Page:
News Room

Slide the City Tickets
cnv.org/FunCity

Harry Jerome Project
cnv.org/MagneticNorthVan

E 3rd Road Work
cnv.org/EastThird

Green Necklace Final Section
cnv.org/LonsdaletoGrand

City News from us to you
cnv.org/CityView

See What's New
cnv.org/WhatsNew

Road Work Updates
cnv.org/RoadWork

The Shipyards - Lot 5 Development
cnv.org/ShipyardsLot5

Want to contact Mayor & Councillors?
CNVCouncilMembers@cnv.org

Twitter Updates

Pesticide Use Control Bylaw

Cosmetic Pesticide Use Control Bylaw No. 8041

As of January 1st 2010, the use of pesticides for cosmetic purposes on private and public lands is restricted within the City of North Vancouver. This means that a homeowner, renter, landlord, lawn care or landscape professional cannot use pesticides for lawn and garden beautification purposes.

What is a Pesticide?

"Pesticide" is a broad term for any substance that will eliminate undesired insects, weeds, rodents, fungi and bacteria. This includes insecticides (for insects), herbicides (for weeds), fungicides (for fungi) and rodenticides (for rodents). Many commonly used pesticides will no longer be allowed, including "weed and feed" type lawn fertilizers.

Why stop using them?

Pesticides present a potential health risk, especially to children and animals, as well as the environment. Although used for one "targeted pest", many beneficial organisms, like ladybugs and bees, are very susceptible to pesticides. Other organisms, like fish and invertebrates, can also be affected if pesticides are unintentionally washed into creeks and streams.

What are alternatives?

Pesticides can often work against creating a healthy lawn or garden by changing the microbe community in the soils. Natural, well drained, soils foster healthy grass, making it harder for weeds to become established. Natural products, like corn gluten meal, can be used to stop weeds from germinating and will act as a nitrogen fertilizer when it breaks down.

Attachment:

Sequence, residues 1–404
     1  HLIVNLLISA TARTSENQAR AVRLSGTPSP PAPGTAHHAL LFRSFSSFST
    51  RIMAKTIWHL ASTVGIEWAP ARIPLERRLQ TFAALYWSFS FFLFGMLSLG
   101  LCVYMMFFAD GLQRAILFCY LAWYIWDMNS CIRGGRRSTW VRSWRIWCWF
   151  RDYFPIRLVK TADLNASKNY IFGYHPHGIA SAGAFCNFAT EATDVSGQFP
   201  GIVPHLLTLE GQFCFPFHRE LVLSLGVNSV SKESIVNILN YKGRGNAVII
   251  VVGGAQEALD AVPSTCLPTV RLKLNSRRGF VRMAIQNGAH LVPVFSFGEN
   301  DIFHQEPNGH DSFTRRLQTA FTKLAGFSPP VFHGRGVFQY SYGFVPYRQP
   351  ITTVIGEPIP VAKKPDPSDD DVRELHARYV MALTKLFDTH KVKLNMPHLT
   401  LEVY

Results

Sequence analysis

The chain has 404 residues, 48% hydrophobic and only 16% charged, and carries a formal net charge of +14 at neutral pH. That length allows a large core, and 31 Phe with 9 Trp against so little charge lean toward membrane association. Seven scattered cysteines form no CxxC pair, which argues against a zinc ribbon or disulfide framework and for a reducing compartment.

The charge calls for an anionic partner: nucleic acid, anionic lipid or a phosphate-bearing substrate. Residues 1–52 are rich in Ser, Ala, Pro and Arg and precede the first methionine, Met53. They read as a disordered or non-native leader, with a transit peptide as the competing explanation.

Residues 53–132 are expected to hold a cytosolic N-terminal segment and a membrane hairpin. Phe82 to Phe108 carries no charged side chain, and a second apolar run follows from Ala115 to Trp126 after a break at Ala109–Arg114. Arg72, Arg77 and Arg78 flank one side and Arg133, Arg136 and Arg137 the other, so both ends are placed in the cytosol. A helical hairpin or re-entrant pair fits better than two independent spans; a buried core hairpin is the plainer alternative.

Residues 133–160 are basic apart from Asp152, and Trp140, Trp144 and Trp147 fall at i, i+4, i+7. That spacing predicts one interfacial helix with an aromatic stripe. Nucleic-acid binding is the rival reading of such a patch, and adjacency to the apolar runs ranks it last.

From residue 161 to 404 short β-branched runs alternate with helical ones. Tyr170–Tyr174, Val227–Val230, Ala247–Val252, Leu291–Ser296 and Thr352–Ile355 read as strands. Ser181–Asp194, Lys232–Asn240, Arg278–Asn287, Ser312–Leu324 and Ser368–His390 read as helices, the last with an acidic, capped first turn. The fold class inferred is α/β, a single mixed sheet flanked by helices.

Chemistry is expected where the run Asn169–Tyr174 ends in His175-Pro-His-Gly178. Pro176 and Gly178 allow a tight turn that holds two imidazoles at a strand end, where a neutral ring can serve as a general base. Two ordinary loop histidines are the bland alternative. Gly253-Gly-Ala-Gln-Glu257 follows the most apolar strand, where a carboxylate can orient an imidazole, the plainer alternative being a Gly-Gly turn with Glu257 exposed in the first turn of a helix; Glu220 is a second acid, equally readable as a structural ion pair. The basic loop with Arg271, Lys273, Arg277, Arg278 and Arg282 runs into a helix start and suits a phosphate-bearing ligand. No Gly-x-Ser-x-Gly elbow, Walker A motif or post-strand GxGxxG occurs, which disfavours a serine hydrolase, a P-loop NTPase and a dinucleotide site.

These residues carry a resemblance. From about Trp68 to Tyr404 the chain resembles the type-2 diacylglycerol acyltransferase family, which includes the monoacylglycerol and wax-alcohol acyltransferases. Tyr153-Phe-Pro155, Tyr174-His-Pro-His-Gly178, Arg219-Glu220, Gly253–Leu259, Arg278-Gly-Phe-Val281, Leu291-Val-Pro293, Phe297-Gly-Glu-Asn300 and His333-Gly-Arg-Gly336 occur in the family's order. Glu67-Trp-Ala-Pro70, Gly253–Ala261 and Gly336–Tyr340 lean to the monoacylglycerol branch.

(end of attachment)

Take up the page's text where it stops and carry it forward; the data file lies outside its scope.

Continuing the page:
What can I use?

The pesticides listed in Schedule 2 of the Provincial Integrated Pest Management Program (updated July 1, 2016) are excluded from the bylaw and vendors do not need a license to sell them.

Are there any exceptions to the bylaw?

Yes. A resident can apply for a permit if there is a danger to human or animal health or damage to buildings. Public lands also require permitting and need to have an Integrated Pest Management Program (IPMP) in place. The IPMP ensures that applicators use every alternative method before using pesticides. You can find a permit application along with information to accompany the application on page 4 of the bylaw.

Where can I return my old containers?

Product Care takes back pesticide containers that contain both the poisonous (skull and cross bones) symbol and Pest Control Product (PCP) number. The North Shore Transfer Station (30 Riverside Drive, North Vancouver) has a Product Care depot for residents to safely dispose of their old pesticide containers for free. To return products without these symbols, call the BC Recycling hotline (604-REC-YCLE) for advice on a hazardous disposal company.


More Info

GVRD Compost Hotline
Operated by City Farmer
Monday to Saturday (9:00am - 4:00pm)
Tel: 604-736-2250

Master Gardeners Plant Information Line
Mondays & Wednesdays (1:00pm to 3:00pm)
Tel: 604-257-8662
Email: plantinfo@bcmastergardeners.org

UBC Botanical Garden Online Help Forum
www.ubcbotanicalgarden.org

BC Botanical Garden Plant Information Line
Tel: 604-822-5858

Share |